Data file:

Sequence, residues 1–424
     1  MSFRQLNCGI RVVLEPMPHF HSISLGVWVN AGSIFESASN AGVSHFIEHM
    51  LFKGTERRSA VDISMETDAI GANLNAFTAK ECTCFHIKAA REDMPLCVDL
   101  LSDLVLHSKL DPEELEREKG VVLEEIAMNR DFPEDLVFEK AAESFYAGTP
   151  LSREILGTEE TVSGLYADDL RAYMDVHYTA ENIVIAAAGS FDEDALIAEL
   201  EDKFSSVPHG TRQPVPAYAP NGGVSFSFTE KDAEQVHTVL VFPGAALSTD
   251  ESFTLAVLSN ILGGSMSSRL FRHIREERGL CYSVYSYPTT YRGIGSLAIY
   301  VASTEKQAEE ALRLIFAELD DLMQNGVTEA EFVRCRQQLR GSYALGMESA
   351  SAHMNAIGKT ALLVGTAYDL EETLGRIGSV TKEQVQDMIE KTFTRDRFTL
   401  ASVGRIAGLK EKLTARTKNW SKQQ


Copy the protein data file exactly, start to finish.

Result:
Sequence, residues 1–424
     1  MSFRQLNCGI RVVLEPMPHF HSISLGVWVN AGSIFESASN AGVSHFIEHM
    51  LFKGTERRSA VDISMETDAI GANLNAFTAK ECTCFHIKAA REDMPLCVDL
   101  LSDLVLHSKL DPEELEREKG VVLEEIAMNR DFPEDLVFEK AAESFYAGTP
   151  LSREILGTEE TVSGLYADDL RAYMDVHYTA ENIVIAAAGS FDEDALIAEL
   201  EDKFSSVPHG TRQPVPAYAP NGGVSFSFTE KDAEQVHTVL VFPGAALSTD
   251  ESFTLAVLSN ILGGSMSSRL FRHIREERGL CYSVYSYPTT YRGIGSLAIY
   301  VASTEKQAEE ALRLIFAELD DLMQNGVTEA EFVRCRQQLR GSYALGMESA
   351  SAHMNAIGKT ALLVGTAYDL EETLGRIGSV TKEQVQDMIE KTFTRDRFTL
   401  ASVGRIAGLK EKLTARTKNW SKQQ